Tigray: Sexual Offences

Foreign, Commonwealth and Development Office written question – answered on 5th March 2021.

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Photo of Sarah Champion Sarah Champion Chair, International Development Committee, Chair, International Development Committee

To ask the Secretary of State for Foreign, Commonwealth and Development Affairs, what steps he is taking to ensure that people who have been subject to sexual violence in the Tigray Region have access to (a) medical care and (b) support.

Photo of James Duddridge James Duddridge Parliamentary Under-Secretary (Foreign, Commonwealth and Development Office)

We condemned in the strongest terms the reported killings of civilians and acts of sexual violence via a joint statement on Ethiopia with 41 other countries at the 46th Session of the Human Rights Council. We also note the statement on 21 January by Pramila Patten, the UN Secretary-General's Special Representative on Sexual Violence in Conflict. We support the UN's call for a "zero tolerance" policy for such crimes and we continue to call for independent, international, investigations into allegations of human right abuses. The UK is particularly concerned about the increased risks that conflict presents for women and girls in relation to gender-based violence and to the use of sexual violence as a weapon of war. We continue to lobby for the protection of women, girls and boys at official level. We encourage the Government of Ethiopia to invite an independent UN fact finding mission to support their current accountability effort on international law compliance.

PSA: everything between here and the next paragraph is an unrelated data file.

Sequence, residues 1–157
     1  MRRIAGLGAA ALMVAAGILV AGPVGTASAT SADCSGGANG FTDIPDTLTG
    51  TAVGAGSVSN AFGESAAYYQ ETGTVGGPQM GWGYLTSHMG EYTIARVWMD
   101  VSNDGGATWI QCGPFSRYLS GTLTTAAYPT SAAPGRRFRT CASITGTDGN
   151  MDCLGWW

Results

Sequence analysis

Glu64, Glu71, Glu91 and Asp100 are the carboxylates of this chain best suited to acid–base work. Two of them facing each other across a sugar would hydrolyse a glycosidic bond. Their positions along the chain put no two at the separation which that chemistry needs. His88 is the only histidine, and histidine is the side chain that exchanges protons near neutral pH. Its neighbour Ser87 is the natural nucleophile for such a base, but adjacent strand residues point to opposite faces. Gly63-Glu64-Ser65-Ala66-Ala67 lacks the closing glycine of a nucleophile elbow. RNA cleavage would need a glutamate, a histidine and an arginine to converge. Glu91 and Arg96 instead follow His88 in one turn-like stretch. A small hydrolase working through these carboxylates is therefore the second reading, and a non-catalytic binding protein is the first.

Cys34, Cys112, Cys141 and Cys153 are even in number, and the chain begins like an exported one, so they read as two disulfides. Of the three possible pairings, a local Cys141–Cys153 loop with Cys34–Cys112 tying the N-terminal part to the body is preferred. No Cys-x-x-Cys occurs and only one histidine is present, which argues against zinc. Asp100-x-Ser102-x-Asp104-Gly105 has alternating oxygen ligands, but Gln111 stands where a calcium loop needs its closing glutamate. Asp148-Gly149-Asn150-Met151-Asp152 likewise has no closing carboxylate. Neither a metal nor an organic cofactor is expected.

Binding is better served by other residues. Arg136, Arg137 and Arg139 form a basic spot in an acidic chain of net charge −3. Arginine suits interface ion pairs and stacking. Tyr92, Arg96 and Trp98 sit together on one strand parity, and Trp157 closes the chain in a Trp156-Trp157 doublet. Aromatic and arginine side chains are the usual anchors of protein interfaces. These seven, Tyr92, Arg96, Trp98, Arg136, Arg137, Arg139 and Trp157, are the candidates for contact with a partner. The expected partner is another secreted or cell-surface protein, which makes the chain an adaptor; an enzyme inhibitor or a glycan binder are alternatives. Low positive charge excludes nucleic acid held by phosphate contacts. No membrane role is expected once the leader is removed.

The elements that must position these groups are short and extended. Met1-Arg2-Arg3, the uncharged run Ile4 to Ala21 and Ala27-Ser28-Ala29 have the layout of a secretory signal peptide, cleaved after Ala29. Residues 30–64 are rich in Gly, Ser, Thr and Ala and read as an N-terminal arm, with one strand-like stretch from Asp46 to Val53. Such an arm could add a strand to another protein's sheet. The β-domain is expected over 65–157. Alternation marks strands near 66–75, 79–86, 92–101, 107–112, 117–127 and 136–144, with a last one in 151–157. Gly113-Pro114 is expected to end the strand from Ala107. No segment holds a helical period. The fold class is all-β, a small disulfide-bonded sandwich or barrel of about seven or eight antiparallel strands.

We note that the Government of Ethiopia has declared a zero policy on sexual violence and the stated intention to establish a national joint taskforce (including the Ministry of Defence with the Ministry of Women, Children and Youth) to investigate alleged cases of sexual violence against women in Tigray. We will monitor the effectiveness of this taskforce in bringing perpetrators to justice. UK-funded aid agencies in Tigray are working hard to deliver support in challenging circumstances, including food, shelter, water and healthcare. The UK is currently working closely with its partners to ensure that survivors have an increasing access to specialised services and justice. I re-enforced the urgency of the need for humanitarian access when I spoke with the Ethiopian Ambassador on 24 February.

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